Since many patients present frequent respiratory infections and bronchiectasis, the use of antibiotics is often necessary. Usually the bacteria isolated in these patients are the ones most commonly found in the respiratory tract, such as Streptococcus pneumoniae, Haemophilus influenzae, Brahmanella catharralis. Therefore, antibiotic therapy should be focused on these causative agents. Bacterioscopy and sputum culture may guide antibiotic therapy in older children. In younger children, information on the etiology of infection may be obtained by tracheal aspiration or by bronchoalveolar lavage. Such findings, however, should be carefully assessed because it is often impossible to differ between colonization and infection. In patients with diffuse bronchiectasis, the need for antibiotic therapy is more frequent. The literature does not include any studies that support the continuous use of antibiotics for this kind of patient. A strategy is to use them in case of fever or when secretion worsens (increased volume or thicker sputum). The length of use may vary from 14 to 21 days in each course of antibiotics.

Physical therapy

For children with BO, the main indications for physical therapy are related to the treatment of bronchiectasis and atelectasis. Just like in other therapeutic strategies for such patients, the use of physical therapy is empirical, although its results can be observed, with improvement of secretion retention, quality and quantity of secretions, as well as re-expansion of atelectasis. Techniques for the rehabilitation of ventilatory muscles may also be used in patients with chronic and acute ventilatory obstruction. Its use in children has not been widely studied, but inferences can be made based on studies involving adults with chronic obstructive pulmonary disease.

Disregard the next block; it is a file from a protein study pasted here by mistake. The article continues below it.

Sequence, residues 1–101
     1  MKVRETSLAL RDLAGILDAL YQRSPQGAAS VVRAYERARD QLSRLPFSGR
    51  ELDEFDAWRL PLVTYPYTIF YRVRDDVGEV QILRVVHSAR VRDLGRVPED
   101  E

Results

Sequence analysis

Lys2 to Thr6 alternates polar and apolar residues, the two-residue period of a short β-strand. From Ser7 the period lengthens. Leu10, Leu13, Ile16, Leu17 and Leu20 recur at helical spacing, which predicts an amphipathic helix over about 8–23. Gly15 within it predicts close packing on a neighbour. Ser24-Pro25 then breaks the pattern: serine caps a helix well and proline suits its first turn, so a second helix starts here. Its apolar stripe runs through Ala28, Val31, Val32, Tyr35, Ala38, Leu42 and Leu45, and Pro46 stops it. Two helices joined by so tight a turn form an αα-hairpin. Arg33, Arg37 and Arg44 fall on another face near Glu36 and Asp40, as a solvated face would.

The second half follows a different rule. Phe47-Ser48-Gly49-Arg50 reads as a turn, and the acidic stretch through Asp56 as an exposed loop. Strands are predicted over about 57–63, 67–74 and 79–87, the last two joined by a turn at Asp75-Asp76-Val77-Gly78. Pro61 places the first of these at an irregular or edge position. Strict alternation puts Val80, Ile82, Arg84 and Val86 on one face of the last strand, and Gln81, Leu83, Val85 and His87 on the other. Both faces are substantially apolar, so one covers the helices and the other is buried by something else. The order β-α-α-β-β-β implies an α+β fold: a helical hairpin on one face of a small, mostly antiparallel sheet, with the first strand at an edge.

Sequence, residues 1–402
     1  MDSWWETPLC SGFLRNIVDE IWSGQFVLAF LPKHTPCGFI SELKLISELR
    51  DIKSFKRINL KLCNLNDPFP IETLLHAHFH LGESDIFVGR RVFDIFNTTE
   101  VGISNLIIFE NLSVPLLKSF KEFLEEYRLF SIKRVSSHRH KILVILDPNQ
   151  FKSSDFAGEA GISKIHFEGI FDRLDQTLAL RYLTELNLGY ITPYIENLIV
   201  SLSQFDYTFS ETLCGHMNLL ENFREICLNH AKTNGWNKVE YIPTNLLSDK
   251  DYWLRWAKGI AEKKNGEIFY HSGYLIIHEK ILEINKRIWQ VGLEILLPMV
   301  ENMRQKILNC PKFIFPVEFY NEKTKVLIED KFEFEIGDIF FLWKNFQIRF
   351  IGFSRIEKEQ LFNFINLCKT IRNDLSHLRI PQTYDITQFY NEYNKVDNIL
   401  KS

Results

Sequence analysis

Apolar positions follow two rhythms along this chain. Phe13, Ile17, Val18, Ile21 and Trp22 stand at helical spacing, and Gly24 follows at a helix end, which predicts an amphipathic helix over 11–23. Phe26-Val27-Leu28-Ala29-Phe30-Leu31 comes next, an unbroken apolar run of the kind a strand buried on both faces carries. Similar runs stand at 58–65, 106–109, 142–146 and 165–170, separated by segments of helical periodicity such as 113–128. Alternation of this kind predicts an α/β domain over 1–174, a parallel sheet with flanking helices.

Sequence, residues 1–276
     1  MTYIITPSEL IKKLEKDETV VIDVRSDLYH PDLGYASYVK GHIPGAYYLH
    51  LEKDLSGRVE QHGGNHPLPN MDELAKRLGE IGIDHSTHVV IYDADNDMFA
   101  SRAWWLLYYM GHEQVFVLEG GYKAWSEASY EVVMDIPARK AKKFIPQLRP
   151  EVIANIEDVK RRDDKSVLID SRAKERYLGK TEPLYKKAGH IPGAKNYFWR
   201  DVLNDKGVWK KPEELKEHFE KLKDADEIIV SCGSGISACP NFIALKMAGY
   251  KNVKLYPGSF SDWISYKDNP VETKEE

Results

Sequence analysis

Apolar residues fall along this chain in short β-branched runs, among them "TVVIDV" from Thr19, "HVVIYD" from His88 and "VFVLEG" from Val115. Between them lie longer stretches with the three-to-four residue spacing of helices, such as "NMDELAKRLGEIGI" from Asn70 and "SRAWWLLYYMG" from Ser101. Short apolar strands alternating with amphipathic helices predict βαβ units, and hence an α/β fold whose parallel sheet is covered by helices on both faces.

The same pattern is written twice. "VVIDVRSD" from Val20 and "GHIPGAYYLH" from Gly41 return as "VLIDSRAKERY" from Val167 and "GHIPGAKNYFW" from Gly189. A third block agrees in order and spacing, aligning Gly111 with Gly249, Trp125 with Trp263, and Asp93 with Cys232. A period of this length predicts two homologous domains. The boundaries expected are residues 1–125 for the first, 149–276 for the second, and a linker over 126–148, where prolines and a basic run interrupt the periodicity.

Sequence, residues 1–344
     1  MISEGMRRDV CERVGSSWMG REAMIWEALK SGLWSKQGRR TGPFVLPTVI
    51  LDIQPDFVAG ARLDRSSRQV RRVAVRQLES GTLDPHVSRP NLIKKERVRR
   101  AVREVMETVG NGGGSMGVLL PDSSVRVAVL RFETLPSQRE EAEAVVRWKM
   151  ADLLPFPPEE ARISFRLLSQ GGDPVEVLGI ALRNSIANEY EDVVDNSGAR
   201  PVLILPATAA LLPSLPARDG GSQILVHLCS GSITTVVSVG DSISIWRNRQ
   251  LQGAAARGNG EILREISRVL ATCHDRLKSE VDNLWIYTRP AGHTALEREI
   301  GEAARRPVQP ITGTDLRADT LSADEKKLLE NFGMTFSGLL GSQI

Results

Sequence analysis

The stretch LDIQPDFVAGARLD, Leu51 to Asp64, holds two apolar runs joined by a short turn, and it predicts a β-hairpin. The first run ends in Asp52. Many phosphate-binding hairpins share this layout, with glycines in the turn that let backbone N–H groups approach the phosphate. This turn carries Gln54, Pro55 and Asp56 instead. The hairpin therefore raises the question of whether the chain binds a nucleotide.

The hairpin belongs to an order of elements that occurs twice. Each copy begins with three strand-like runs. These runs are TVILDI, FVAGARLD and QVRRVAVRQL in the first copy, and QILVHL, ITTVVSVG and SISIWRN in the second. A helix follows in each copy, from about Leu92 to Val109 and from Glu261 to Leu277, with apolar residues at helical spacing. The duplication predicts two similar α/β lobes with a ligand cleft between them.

Oxygen therapy

Many patients need supplementary oxygen for long periods (months or years) and some of them need it on a permanent basis. Generally, the O2 concentrations necessary to maintain a saturation above 94% are low (FiO2 from 0.25 to 0.4) and can be obtained through portable oxygen concentrators(27). Hemoglobin saturation should be measured on each clinical follow-up visit. Ideally, saturation should also be measured during sleep. Many patients may present saturation within normal levels while they are awake and an important decrease in saturation during sleep, as occurs in many other respiratory diseases. In the experiment conducted in Porto Alegre(27), home oxygen therapy was informally implemented by means of donations and support from the local community and from the medical staff. Later on, a specific program for children who depended on oxygen was established and maintained by the Unified Health System.